INDEPENDENTS REPORT: Smiley on the beach

It was Catherine's first visit to Costa Rica, and my third during the past year. A beach lover from the time she was a toddler, my 13-year old parked herself on a hammock slung between two trees at the shore on day one of our trip, snapping pictures of the mountains and lush greenery surrounding Tamarindo, a popular surfer's paradise that we visited last month. Also an animal lover, Catherine especially prized her picture of a family of fuzzy black monkeys swinging from the tree limbs high above Dos Pinos Supermercado, a tiny local grocery store.

How soon before Wal-Mart's banner begins to appear in tourist snapshots?

Costa Rica, appreciated for its ecological beauty, old Spanish culture, and seemingly slower pace of life, fondly referred to as "tico time," is currently the fastest-growing economy in Latin America. Geographically smaller than the state of West Virginia, the country, which separates the Pacific Ocean from the Caribbean Sea, is today recognized as one of the world's most exotic vacation destinations. It's home to over 4.5 million residents, 40 percent of whom are estimated to be under 20 years old.

Thus, it came as no surprise for me to learn that it's also now a Wal-Mart market.

Experiencing faster growth in its international division than in the U.S. market (a 11.4 percent increase in 2006 international sales vs. 2005, compared with a 9.4 percent rise and 7.2 percent increase in Wal-Mart and Sam's Club stores, respectively), Wal-Mart in 2005 first captured the attention of Latin America's lower- to middle-income consumer market, which represents 50 percent to 60 percent of the region's population, by acquiring about one-third of Central America's biggest retailer, CARHCO.

CARHCO was at the time operating 375-plus supermarkets and other stores in Guatemala, El Salvador, Honduras, Nicaragua, and Costa Rica. The CARHCO-owned stores in Costa Rica included a chain of department stores called Hipermas, as well as a group of supermarkets operating under a variety of banners, including Mas por Menos (More for Less), Pali, and Maxi Bodegas.

The U.S. retail giant strengthened its hold in Central America when it boosted its investment in CARHCO to a controlling 51 percent in 2006 and recently renamed it Wal-Mart Central America.

Wal-Mart promised "no immediate changes in the names of the stores, or in any of the store formats operating throughout the region." It also said the entity "will bring more development opportunities to associates and vendors." However, this summer the company will open, in the city of Escazu, the first store in Costa Rica to fly the Wal-Mart banner, one modeled on its U.S. formats.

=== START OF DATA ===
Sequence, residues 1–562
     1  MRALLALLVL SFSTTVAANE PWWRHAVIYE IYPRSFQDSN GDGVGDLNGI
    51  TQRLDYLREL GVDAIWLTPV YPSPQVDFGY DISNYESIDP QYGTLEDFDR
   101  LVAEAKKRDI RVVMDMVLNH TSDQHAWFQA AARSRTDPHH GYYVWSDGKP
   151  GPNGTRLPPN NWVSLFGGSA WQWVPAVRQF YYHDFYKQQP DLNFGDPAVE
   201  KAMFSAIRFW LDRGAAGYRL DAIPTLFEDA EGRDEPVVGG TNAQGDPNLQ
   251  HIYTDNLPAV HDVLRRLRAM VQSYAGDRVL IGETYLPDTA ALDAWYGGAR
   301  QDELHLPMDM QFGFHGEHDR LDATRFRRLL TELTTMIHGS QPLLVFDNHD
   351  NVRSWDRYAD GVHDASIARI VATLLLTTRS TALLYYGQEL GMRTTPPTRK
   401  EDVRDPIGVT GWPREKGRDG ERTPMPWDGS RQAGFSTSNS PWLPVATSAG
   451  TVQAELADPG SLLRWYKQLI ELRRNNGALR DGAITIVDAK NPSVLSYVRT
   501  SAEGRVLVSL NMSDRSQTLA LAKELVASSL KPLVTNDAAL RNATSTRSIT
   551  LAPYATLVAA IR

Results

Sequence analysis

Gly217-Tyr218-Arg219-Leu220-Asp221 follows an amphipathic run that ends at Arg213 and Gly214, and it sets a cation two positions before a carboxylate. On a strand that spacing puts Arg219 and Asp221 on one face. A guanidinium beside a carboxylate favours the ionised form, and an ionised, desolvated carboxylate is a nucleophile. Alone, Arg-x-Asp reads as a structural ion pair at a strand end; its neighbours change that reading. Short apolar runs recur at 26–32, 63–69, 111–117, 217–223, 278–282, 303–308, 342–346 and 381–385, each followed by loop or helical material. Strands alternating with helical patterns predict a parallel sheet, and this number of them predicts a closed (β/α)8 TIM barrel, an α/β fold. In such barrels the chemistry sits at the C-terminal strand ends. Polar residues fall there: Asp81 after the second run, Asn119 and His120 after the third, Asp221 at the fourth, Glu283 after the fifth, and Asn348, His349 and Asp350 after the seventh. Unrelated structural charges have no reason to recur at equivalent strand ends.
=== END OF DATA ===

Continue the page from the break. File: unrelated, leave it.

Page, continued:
Jobs and investment

The move has many in Costa Rica wondering how small local businesses, not to mention the farmers that they've supported for years, will fare. During my most recent visit, I discussed Wal-Mart's initiatives with local consumers and business owners.

As one source who requested anonymity puts it, "Just how long will it be before we turn the corner after visiting one of our beautiful rainforests, only to find a Wal-Mart Supercenter parked next door?"

Real estate owner/broker Mike Fonseca of Coldwell Banker Bay Breeze Realty sees two sides to Wal-Mart's entry into Costa Rica. "On the positive side, Wal-Mart is expected to create over 7,000 jobs for Costa Ricans, as well as the opportunity to shop at a 'normal' grocery or merchandise store," he explains. "I believe Wal-Mart will do well in Costa Rica, and I think it will be a comfort to Americans in this country. For some Americans, to see a Wal-Mart puts their minds at ease regarding moving here or spending time here.

"I also think it will increase the desire of Americans to invest in property here, knowing that Costa Rica is not a third-world country waiting to be overrun by [leftist rebels]. People don't realize that this is a technologically advanced first-world country."

End of the simple life?

But there's another side, which he says he has discussed with neighbors and colleagues. "Some folks feel that Wal-Mart will take away from the charm of Costa Rica. They see a big U.S. conglomerate coming to 'pillage this simple little country.' People live simple lives here. Not everyone is convinced that Wal-Mart fits that character trait. Some see it as the beginning of a bad thing."

Guanacaste attorney Mario Baltadano, who has offices in San Jose and Liberia, views Wal-Mart as a tough new competitor for existing larger supermarkets.

"The perception is that Wal-Mart will indeed offer the consumer more variety, new technology, and more competitive prices," he says. "I believe that two of our larger retailers, Jumbo and Pricemart, will be most impacted by Wal-Mart, as will, to a lesser degree, smaller grocery stores most often frequented by tourists. Jumbo operates big supermarkets, and they are also a chain in the process of restructuring, probably because of Wal-Mart's presence. They do have some inside stores such as pharmacies, but none have fuel stations or automotive centers."

He adds, "Costa Ricans are extremely excited about the variety of electronics and appliances that Wal-Mart is going to offer."

Further, in donating money to Latin American-based charities such as scholarship funds, sustainability projects, and the environment, the company is quickly becoming recognized as an outstanding corporate citizen. Yet there are those living in Costa Rica who remain steadfast in their opposition to Wal-Mart's growing presence.

What changes, good and bad, will Wal-Mart bring to Costa Rica? Only time will tell. My guess is that tico time may never be quite the same.
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